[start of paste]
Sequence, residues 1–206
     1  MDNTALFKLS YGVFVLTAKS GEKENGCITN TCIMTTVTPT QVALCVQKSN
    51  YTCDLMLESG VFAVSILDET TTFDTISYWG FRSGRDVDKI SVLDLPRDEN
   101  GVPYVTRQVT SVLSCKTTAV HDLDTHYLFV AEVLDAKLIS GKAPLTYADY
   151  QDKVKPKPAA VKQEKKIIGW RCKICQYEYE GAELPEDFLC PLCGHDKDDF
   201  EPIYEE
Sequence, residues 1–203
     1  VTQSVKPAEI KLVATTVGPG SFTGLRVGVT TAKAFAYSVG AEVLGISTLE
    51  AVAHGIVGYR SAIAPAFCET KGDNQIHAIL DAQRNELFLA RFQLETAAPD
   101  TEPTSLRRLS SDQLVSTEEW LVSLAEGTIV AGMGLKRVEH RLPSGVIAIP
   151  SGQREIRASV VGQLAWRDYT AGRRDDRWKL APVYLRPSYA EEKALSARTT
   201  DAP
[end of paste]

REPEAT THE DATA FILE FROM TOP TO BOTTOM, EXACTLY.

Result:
Sequence, residues 1–206
     1  MDNTALFKLS YGVFVLTAKS GEKENGCITN TCIMTTVTPT QVALCVQKSN
    51  YTCDLMLESG VFAVSILDET TTFDTISYWG FRSGRDVDKI SVLDLPRDEN
   101  GVPYVTRQVT SVLSCKTTAV HDLDTHYLFV AEVLDAKLIS GKAPLTYADY
   151  QDKVKPKPAA VKQEKKIIGW RCKICQYEYE GAELPEDFLC PLCGHDKDDF
   201  EPIYEE
Sequence, residues 1–203
     1  VTQSVKPAEI KLVATTVGPG SFTGLRVGVT TAKAFAYSVG AEVLGISTLE
    51  AVAHGIVGYR SAIAPAFCET KGDNQIHAIL DAQRNELFLA RFQLETAAPD
   101  TEPTSLRRLS SDQLVSTEEW LVSLAEGTIV AGMGLKRVEH RLPSGVIAIP
   151  SGQREIRASV VGQLAWRDYT AGRRDDRWKL APVYLRPSYA EEKALSARTT
   201  DAP